To celebrate the 75th anniversary of the birth of an iconic watch —the IWC Portuguese— IWC continues to enhance its Portugieser watch family with new eye-catching complications. After the minute repeater in 1995, the 7-day power reserve in 2000, the perpetual calendar in 2003, the Tourbillon Mystère in 2004, the constant-force tourbillon in 2011 and the recent 8-day hand-wound movement presented in 2013, consolidated the Portugieser watches’ reputation as one of the leading lights of haute horlogerie. In 2015, the Year of the Portugieser, IWC’s newly developed annual calendar is another interesting additional feature to complement the perpetual calendar. The complication is powered by the new IWC in-house 52850 calibre. Both are found for the first time in the Portugieser Annual Calendar Ref. 5035. The watch thus symbolizes the launch of an IWC initiative to produce further series of in-house calibre families in the years ahead.
Located at 12 o’clock on the dial, IWC’s annual calendar shows the month, date and day in three separate, semicircular windows. The switching mechanism automatically takes into account the differing lengths of individual months. Unlike a perpetual calendar, however, the annual calendar is unable to factor in the differing length of the month of February or the leap years. Once a year, then, at the end of February, it requires manual correction. For the development of the annual calendar module, IWC’s watch designer sensured that the correction could be carried out easily and conveniently using the crown. Thanks to this elegant solution, the engineers were able to dispense with a corrector, which would have compromised the Portugieser Annual Calendar’s purist design. In order to free up as much space as possible for the date display, the designers replaced the indices from 11 o’clock to 1 o’clock with the three display discs. The “American” order in which the date is shown was not only necessary from a technical and design point of view, but is also a homage to F. A. Jones, IWC’s American founder.
For technology buffs, here's a brief explanation of the way the annual calendar function works. The hour wheel sets in motion the date advance wheel —which is equipped with two different advance fingers. One of the fingers is responsible for the date and month displays, the other for the weekday display. Every day, towards midnight, the date is moved forward with the help of the upper advance finger. The month display and the programme wheel, which defines the lengths of the various months, are controlled by two pins on the date disc. The first of these pins advances the programme wheel by one division. A feeler on the advance lever recognizes months with 30 days by a deeper notch on the program wheel and provides more space for it to switch. The following day, the advance lever ensures that the date moves forward by 2 days. The second pin in the date disc sets the new month. The 5 years’ development time for the annual calendar was worth the effort. With the Portugieser Annual Calendar, IWC Schaffhausen has given yet another demonstration of its ability to innovate, to expand its in-house watchmaking expertise, and in the process, to extend the repertoire of IWC complications by another attractive and practical additional function.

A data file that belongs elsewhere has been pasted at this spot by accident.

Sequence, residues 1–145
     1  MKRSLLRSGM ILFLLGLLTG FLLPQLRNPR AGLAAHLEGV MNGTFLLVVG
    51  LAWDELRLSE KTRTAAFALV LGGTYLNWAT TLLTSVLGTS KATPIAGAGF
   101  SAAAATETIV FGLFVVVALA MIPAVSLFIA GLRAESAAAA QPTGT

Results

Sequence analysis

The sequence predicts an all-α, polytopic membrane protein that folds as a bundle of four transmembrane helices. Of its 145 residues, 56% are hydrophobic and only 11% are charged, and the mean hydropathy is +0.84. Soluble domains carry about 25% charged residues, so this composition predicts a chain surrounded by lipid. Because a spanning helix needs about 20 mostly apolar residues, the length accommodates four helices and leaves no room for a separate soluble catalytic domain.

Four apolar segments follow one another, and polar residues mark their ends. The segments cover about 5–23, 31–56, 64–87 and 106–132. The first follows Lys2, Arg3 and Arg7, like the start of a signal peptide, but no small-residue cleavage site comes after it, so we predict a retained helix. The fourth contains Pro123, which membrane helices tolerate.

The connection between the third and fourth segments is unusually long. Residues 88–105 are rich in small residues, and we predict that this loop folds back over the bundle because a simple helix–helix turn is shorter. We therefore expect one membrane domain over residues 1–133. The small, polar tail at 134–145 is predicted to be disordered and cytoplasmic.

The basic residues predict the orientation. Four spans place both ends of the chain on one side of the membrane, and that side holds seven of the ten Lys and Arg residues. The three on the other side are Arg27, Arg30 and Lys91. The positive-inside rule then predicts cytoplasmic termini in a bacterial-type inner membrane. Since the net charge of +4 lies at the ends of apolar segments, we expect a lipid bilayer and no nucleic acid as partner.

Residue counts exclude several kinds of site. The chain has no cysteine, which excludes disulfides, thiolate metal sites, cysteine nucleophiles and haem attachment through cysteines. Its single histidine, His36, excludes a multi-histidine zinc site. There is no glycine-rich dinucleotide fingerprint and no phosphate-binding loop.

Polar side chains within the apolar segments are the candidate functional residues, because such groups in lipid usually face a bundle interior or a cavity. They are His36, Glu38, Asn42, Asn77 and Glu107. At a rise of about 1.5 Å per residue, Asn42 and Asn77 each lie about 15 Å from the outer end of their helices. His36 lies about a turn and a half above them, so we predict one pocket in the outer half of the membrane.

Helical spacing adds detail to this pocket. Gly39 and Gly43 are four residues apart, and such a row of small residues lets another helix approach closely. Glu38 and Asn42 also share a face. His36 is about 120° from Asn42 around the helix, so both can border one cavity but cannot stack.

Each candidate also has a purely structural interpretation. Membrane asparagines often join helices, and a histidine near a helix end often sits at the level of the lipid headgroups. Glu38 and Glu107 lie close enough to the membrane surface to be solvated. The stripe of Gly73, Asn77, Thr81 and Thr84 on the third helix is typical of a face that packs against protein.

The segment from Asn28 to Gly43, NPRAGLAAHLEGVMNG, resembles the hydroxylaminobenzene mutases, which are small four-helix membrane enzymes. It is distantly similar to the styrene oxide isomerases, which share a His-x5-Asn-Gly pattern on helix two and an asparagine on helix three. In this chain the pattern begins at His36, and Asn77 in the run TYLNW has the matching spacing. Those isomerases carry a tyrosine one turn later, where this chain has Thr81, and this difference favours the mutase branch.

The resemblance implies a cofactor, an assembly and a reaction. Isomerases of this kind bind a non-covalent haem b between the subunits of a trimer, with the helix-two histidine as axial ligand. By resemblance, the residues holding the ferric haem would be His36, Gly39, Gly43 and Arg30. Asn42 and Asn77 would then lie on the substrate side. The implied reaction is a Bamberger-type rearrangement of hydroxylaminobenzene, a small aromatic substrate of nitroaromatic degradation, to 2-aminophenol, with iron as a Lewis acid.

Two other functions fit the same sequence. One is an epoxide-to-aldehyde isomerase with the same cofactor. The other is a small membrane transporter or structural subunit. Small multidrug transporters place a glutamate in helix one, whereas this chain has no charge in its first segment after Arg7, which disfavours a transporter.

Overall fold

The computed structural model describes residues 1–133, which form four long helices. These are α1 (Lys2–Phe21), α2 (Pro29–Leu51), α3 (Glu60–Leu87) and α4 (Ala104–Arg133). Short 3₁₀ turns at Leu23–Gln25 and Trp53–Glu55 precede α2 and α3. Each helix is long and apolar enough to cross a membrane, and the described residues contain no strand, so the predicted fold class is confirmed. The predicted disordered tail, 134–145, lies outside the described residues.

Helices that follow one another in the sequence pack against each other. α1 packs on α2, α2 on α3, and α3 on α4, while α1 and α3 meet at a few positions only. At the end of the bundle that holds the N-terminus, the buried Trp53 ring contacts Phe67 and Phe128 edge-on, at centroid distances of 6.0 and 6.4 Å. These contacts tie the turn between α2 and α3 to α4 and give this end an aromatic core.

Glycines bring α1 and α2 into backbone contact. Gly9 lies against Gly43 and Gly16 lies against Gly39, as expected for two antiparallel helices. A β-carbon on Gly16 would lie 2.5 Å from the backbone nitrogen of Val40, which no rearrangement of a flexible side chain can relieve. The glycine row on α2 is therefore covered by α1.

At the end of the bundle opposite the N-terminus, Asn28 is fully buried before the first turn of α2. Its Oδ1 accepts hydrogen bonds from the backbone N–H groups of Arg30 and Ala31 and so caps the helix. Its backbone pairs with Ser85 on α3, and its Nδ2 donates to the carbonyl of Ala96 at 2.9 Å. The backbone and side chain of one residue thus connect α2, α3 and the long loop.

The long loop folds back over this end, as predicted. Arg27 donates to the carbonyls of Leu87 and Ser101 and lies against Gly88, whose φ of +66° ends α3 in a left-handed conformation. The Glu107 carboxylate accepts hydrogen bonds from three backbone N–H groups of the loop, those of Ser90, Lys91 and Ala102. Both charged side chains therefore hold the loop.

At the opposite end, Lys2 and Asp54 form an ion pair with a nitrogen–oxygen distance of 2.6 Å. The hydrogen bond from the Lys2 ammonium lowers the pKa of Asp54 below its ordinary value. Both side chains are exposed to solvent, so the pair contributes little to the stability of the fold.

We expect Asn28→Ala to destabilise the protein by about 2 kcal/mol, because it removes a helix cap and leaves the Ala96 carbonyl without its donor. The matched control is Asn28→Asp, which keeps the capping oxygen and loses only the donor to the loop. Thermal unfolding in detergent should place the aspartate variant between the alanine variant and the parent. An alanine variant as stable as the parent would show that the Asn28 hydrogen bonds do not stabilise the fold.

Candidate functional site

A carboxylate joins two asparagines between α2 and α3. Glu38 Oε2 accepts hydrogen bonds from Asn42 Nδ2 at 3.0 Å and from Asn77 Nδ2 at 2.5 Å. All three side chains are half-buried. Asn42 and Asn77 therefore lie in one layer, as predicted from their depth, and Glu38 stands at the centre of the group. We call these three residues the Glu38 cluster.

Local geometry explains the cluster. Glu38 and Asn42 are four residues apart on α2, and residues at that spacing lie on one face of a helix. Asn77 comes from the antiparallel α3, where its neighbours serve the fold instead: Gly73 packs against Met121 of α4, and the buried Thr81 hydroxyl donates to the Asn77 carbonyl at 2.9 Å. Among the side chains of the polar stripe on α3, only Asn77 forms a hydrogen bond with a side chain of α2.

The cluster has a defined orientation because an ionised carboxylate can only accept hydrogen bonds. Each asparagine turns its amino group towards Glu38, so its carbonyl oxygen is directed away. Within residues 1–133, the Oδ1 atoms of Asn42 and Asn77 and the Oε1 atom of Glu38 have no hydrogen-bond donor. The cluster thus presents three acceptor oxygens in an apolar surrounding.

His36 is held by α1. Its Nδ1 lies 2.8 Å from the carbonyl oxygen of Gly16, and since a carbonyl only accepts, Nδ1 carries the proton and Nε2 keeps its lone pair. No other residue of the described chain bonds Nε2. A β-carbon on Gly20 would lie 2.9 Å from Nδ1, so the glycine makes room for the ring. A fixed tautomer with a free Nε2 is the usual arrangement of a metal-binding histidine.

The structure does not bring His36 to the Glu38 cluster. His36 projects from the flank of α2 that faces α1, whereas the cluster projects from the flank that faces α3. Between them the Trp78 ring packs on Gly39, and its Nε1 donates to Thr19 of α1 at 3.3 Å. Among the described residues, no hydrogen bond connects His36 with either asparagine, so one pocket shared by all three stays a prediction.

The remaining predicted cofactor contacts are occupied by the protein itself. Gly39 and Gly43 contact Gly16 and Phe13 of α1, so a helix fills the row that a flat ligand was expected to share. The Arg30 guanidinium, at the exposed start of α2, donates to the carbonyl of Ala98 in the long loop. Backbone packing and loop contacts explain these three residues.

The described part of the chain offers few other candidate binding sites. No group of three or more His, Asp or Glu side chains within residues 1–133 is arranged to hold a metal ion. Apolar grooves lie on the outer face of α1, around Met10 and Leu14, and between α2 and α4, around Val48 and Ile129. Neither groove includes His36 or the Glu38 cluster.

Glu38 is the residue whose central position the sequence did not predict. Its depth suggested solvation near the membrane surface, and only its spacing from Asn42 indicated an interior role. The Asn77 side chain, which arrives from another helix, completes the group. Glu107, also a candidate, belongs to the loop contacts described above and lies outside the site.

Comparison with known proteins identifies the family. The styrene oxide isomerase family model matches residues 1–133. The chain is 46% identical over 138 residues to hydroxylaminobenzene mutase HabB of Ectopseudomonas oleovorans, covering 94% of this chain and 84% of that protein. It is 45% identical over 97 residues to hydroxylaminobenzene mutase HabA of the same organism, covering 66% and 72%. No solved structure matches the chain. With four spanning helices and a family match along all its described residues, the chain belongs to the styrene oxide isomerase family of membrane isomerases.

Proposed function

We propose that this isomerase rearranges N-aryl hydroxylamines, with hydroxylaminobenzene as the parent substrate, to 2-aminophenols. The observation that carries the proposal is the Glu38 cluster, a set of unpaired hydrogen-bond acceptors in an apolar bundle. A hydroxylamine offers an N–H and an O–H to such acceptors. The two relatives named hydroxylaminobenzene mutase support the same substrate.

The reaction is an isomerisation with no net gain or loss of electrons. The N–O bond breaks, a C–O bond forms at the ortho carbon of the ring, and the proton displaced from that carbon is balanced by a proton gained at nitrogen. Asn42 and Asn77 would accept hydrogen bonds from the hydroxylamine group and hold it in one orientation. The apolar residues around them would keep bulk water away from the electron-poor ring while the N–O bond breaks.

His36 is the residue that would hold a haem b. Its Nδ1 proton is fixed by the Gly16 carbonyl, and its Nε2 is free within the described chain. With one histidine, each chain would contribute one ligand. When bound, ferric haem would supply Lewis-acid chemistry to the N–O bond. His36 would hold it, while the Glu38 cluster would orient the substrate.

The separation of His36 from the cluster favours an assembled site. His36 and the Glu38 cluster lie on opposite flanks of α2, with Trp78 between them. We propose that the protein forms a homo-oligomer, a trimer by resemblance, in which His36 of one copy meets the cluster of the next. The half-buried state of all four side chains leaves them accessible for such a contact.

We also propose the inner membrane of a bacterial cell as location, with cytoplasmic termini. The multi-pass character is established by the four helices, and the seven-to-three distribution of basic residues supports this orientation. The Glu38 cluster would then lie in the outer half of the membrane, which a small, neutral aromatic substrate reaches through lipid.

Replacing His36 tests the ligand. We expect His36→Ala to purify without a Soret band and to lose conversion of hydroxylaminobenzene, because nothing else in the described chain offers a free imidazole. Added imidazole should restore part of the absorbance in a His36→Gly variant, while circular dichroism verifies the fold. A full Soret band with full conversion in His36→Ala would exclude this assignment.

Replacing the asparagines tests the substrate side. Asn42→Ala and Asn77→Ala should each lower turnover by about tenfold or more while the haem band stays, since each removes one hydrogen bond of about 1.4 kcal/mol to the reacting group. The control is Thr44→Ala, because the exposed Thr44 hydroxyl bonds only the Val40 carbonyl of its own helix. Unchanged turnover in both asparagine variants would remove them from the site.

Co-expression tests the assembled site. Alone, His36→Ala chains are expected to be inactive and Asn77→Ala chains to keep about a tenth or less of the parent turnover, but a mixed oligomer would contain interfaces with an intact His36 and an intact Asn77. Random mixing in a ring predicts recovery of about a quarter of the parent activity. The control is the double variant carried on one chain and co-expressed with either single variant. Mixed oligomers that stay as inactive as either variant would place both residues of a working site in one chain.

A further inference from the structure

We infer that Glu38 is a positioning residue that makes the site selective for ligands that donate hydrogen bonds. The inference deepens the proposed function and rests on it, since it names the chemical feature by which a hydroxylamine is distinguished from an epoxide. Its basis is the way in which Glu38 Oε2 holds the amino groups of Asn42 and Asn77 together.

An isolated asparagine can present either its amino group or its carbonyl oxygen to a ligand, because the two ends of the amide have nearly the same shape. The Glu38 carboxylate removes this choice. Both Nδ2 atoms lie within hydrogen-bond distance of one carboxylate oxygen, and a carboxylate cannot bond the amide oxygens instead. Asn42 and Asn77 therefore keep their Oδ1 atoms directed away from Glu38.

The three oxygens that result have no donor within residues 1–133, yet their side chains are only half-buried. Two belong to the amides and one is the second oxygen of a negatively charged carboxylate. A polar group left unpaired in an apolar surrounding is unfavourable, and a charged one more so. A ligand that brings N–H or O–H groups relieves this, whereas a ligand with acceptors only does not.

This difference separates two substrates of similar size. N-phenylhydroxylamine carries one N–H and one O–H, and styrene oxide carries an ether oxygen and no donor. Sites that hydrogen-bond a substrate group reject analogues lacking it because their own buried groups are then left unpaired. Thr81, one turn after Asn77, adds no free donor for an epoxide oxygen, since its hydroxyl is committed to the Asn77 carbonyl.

With its voluminous 44.2 mm case, grooved bezel, classic railway-track-style chapter ring, slim feuille hands and almost unchanged Arabic numerals, the Portugieser Annual Calendar very closely resembles the original Portugieser of 1939, a veritable design icon. The small seconds subdial, however, is not positioned at 6 o’clock as in the original, but at 9 o’clock. The subdial on the opposite side contains the power reserve display. The in-house movement with 7-day power reserve is yet another quantum leap in the history of the Portugieser family. The rare combination of an annual calendar and 168-hour calibre should make this latest complication from the House of IWC even more attractive for watch connoisseurs.
The Portugieser Annual Calendar is available in 18K red gold as ref. IW503504 with a silver-plated dial or in stainless steel with a silver-plated —ref. IW503501— or midnight blue —ref. IW503502— dial. The fine sunray finish on the blue dial reflects incident light dynamically in a myriad directions. All versions of the watch are fitted with black Santoni alligator leather straps. The arched-edge sapphire glass makes the case look slimmer and underscores the
watch’s classic elegance. The curved strap horns ensure greater comfort even on slimmer wrists. The see-through sapphire-glass back provides an unimpeded view of the exquisite new IWC-manufactured 52850 calibre. Across the entire 52000-calibre family, the rotors have been made slimmer, while the bridges are more open and inset with a solid gold “Probus Scafusia” medallion. This way, even more details of the movement with its two barrels can be seen. The improved Pellaton winding system with the practically wear-free components made of black and white ceramic is also clearly visible. Overall, it took IWC’s watch designers almost 5 years to develop the annual calendar. Whereas they had been able to draw on in-house experience when developing the perpetual calendar, this was not the case during the development of the annual calendar. The new in-house 52850 calibre is the perfect choice for the annual calendar because it has two barrels to provide the higher torque required to drive the three display discs. In addition, when fully wound, the twin barrels supply enough energy for a full week’s run time.
Sticker Price $24,100 USD for Stainless Steel and $34,500 USD for 18K red gold. For more info on IWC Schaffhausen click here.